Monday, October 17, 2011

What a Medieval Handbook Taught Me About Sex

I happened across another fascinating find in my endless sorting of art transparencies at work this week: pages from the Tacuinum Sanitatis.  The Tacu-what? you may ask... Well, I had no clue either, but after a couple of days steeped in images of medieval illuminated manuscripts, this one caught my eye (obviously).

Even better, the caption reads:
Coitus. Nature: It is the union of two for the purpose of introducing the sperm. Optimum: That which lasts until the sperm has been completely emitted. Usefulness: It preserves the species. Dangers: It is harmful to those with cold and dry breathing. Neutralization of the Dangers: With sperm-producing foods.
Seriously, slightly risque nature aside, this was just too precious not to share. You can prevent the dangers of sex with sperm-producing foods? Good to know.

Of course, after my discovery I immediately looked up the Tacuinum Sanitatis, which turns out to be a handbook on health and well being. Included among this entry are others on various fruits and vegetables, herbs, flowers, and foods, and information about when they are good, what they are good for, and whom they are good for.  Warm water, for instance, apparently has a cold and humid nature and is particularly good for cold temperaments, old people, and in cold regions. Roses are good for inflamed brains, but can cause headaches in certain people.

Even seasons are represented.  Here's an appropriate entry:

Autumn. Nature: Moderately cold in the second degree. Optimum: Its central period. Usefulness: when one proceeds gradually toward opposites, as for example, toward warmth and dampness. Dangers: It is harmful to moderate temperatures and to those predisposed toward consumption. Neutralization of the Dangers: By the application of moist elements, and with baths. Effects: Increases melancholy humors. It is suitable to warm and damp temperaments, to the young and adolescent, in warm and damp regions, or in temperate areas.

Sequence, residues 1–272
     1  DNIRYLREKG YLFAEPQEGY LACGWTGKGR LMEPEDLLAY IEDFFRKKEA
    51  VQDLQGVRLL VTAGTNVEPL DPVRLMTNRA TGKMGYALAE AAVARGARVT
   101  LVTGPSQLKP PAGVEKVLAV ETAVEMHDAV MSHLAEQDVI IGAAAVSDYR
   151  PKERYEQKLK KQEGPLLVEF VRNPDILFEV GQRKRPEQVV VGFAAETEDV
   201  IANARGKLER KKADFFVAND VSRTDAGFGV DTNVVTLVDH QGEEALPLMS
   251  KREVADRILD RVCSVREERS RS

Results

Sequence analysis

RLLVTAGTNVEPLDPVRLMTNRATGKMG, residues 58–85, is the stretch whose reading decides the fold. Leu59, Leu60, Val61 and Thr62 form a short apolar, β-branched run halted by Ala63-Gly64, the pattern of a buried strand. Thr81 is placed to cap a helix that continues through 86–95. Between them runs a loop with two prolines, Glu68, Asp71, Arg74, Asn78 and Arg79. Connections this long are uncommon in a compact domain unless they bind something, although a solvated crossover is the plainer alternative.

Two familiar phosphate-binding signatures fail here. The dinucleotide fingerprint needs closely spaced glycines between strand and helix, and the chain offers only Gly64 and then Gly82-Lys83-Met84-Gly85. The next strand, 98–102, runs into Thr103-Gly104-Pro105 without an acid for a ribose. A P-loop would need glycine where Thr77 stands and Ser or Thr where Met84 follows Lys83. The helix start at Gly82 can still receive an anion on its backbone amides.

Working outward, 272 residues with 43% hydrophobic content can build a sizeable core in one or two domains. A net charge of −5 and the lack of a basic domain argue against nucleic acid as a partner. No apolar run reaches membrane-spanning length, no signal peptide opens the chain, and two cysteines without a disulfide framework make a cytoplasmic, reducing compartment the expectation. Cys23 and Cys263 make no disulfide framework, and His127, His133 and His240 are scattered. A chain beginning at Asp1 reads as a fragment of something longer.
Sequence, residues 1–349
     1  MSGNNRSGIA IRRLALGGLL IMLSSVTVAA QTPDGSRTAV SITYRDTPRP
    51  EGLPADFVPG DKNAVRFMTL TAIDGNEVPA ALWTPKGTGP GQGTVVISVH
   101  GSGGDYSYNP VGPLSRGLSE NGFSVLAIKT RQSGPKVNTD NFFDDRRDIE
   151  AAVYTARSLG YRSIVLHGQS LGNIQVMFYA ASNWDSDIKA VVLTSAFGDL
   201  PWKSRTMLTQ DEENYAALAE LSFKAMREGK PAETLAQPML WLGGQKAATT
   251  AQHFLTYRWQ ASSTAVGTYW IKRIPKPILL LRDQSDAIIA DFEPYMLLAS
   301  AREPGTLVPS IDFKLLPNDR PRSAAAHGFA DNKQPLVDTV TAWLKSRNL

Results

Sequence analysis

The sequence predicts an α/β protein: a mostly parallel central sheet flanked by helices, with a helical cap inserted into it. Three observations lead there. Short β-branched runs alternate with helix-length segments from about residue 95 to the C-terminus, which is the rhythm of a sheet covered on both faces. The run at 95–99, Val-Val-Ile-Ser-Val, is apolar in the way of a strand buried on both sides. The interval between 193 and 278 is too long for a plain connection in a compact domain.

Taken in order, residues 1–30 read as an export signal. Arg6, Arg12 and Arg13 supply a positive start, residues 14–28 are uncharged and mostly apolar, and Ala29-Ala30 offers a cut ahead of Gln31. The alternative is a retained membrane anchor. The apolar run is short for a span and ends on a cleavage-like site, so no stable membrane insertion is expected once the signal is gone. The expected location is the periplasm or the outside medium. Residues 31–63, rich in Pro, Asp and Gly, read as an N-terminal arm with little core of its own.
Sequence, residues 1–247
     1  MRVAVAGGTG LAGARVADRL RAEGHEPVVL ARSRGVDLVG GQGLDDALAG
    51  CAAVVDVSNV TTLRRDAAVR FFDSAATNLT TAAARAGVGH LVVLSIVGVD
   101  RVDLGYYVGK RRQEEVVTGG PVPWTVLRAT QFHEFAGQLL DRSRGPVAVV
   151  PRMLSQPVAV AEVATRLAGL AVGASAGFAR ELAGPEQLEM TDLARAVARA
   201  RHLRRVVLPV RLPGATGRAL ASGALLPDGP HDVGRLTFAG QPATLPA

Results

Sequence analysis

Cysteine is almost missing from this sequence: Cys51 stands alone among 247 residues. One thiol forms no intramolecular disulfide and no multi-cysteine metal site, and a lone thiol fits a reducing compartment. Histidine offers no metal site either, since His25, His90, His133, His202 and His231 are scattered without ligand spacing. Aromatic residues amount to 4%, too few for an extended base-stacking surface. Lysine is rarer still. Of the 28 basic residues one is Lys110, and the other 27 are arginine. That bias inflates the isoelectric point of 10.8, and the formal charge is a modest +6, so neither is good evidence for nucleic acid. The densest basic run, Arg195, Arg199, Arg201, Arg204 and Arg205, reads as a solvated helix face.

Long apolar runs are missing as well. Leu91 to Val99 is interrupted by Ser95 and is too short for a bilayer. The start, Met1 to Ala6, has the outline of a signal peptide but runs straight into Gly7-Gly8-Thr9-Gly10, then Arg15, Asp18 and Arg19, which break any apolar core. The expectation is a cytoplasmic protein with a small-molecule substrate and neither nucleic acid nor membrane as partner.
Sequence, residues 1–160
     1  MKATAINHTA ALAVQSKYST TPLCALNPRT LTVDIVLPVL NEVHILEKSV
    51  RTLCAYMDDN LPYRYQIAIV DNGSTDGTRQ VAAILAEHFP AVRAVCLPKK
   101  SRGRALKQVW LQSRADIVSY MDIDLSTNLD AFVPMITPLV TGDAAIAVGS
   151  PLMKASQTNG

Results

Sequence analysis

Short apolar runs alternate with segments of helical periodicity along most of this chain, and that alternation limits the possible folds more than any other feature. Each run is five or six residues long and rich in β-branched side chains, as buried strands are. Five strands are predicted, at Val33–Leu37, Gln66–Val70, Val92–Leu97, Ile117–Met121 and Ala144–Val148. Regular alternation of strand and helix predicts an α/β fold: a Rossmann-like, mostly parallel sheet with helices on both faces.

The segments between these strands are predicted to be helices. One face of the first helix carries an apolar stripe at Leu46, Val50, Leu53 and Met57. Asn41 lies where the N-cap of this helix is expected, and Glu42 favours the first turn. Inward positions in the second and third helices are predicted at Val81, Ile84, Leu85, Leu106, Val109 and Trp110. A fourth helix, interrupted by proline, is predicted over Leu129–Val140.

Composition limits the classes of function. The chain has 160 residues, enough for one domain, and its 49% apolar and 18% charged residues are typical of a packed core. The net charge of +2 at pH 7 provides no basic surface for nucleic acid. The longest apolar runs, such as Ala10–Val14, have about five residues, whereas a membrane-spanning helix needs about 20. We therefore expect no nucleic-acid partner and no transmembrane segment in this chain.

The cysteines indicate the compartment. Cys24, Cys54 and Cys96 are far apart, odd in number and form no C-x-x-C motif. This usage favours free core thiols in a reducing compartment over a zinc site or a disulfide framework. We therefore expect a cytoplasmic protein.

I don't know much about health and medicine, but as silly as some of these descriptions sound, I wonder how much of it is accurate, or close to it.  These statements must be at least partly based in effects that people experienced, even if the causes were attributed wrong.

What is fascinating to me is that even if completely inaccurate and quaint, there is a universality to this way of thinking, as a way to understand our bodies and nature.  Don't we still have sorts of guides like this today?  That tell us to eat a certain food or the benefits of certain activities.  If anything, we've probably taken simple everyday things and broken them down even more and made them more scientific.  Makes me wonder if 500 years from now someone will unearth a copy of the South Beach Diet and wonder, what the hell were those people thinking?

Anyone else find this stuff interesting?  Any other health advice of today that you think people will look back at and laugh?


  1. I LOVE THIS! (Well, obviously, I'm a medieval history nerd)

  2. I think I'm already wondering what the hell people were thinking about the South Beach Diet. Doesn't take 500 years, only 5. Interesting post!

  3. Katie it's fascinating! LOL Thanks for writing about it. Now I'm going to google Tacuinum Sanitatis.